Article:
Students Embark On Cutting Edge Research With NASA
A growing number of Southern Nazarene University’s science students are becoming actively involved in cutting edge research, a majority of which takes students far beyond the classroom. One of the ways SNU has achieved this is to partner with scientific organizations and entities that offer these unique research opportunities.
This past summer, junior science education major Andi Will and sophomore biology-chemistry, pre-med major Greg Sattler were given an opportunity to conduct research through the NASA Research Program. According to Will, their research was focused on studying the effects of herbicides on insect populations.
The duo studied the difference between insect populations in a grass hay field that was untreated and a grass hay field that had been treated with an herbicide periodically for a number of years. “We have used two methods of collecting insects: sweep nets and pitfall traps,” explained Will. “Sweep nets are for catching flying insects and pitfalls are for catching ground crawling insects. We are hoping to see some variation in data that suggests that there are differences in the insect communities in each field.”
Sattler said about 4,000 arthropods were collected. DNA barcoding was also used to determine genus and species name of some of the most common specimens. “We have also had to quantify any differences in soil quality and plant diversity in the two fields through random sampling and chemical tests,” said Sattler.
This research project has given Will a better understanding of the research process in general. She said this knowledge would be crucial for her to teach science at the high school level, which is her career goal. Will also said this project has shown her a new side of the scientific process. Sattler said the project has afforded him a crucial learning experience that will help prepare him for medical school. “It is giving me a better understanding of and experience with the research process,” said Sattler. “It is also something I find very interesting and have enjoyed doing, which is something that medical schools look for.”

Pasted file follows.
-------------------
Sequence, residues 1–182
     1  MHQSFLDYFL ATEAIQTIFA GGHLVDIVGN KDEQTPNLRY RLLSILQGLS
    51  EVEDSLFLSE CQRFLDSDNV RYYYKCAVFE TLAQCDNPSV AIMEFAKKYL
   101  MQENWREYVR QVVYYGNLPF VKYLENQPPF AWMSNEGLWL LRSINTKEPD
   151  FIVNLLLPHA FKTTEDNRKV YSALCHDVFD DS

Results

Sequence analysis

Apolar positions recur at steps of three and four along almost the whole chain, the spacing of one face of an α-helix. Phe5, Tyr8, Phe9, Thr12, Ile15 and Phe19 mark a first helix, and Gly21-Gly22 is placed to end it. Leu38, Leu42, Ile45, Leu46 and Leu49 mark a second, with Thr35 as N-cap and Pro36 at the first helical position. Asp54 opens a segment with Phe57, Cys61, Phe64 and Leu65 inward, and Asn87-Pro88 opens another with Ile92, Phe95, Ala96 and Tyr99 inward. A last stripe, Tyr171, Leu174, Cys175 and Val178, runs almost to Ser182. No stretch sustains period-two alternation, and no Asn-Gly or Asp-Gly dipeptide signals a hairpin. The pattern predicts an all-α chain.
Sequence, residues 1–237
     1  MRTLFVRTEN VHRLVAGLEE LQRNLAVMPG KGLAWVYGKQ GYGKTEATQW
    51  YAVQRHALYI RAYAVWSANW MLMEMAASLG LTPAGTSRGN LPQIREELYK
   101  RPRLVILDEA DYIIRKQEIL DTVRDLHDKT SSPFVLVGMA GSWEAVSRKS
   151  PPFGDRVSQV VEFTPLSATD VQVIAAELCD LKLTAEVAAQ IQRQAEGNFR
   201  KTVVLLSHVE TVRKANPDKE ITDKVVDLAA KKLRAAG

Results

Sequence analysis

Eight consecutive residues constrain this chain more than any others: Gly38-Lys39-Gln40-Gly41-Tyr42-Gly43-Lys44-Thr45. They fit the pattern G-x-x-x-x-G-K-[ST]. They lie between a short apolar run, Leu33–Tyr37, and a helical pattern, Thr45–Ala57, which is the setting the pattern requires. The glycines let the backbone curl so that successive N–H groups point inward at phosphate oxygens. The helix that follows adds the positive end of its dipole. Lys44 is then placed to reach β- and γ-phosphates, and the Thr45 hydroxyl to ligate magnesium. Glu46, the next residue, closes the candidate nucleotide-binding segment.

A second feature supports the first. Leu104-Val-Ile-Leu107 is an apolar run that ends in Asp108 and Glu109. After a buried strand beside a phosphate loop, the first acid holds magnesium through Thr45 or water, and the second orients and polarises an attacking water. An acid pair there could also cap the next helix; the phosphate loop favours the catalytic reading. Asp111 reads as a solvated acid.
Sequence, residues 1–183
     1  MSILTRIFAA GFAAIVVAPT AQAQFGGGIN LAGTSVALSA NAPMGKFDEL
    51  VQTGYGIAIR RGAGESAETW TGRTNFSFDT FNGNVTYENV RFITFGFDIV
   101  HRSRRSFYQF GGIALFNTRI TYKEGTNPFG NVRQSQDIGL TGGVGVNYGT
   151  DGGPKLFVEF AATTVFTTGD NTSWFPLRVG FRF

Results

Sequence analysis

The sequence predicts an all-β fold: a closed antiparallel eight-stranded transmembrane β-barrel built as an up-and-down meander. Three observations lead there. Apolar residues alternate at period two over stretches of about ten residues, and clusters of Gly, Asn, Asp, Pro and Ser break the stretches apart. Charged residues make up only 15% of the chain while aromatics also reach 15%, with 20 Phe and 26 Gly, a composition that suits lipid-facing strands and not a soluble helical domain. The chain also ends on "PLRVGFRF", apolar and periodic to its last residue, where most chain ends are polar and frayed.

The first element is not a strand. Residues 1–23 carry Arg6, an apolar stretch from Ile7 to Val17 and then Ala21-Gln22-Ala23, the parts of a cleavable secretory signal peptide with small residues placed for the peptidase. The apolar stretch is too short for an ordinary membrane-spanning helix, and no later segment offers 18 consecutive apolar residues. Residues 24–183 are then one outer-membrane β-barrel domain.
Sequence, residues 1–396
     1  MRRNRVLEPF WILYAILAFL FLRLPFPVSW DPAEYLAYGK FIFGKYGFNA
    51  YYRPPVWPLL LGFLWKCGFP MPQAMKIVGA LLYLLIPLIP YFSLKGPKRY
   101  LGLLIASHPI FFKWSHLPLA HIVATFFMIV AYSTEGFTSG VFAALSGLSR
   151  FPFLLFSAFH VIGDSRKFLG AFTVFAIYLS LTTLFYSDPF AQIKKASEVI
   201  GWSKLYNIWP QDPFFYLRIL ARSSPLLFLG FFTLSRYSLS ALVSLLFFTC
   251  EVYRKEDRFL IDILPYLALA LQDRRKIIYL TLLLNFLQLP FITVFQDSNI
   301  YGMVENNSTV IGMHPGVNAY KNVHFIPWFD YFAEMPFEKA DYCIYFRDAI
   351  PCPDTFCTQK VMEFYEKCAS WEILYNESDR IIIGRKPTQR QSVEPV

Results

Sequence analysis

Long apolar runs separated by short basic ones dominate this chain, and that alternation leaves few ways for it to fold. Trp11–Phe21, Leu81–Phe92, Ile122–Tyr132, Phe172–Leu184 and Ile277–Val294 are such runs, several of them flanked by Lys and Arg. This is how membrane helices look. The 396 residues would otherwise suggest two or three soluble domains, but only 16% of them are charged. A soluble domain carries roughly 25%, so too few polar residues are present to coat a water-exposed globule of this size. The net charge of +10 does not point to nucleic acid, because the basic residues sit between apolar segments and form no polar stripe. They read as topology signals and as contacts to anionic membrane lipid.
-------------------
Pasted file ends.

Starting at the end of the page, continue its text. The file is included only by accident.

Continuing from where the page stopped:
Will also noted that the project has been one of the most satisfying learning experiences she has experienced thus far at SNU. “The most rewarding part has been being able to work with a partner who has similar interests and looks forward to the same outcomes that I do,” she said. Dr. David Hoekman oversaw both students as they conducted their research.
2015 NASA Summer Research Synopsis from Dr. Hoekman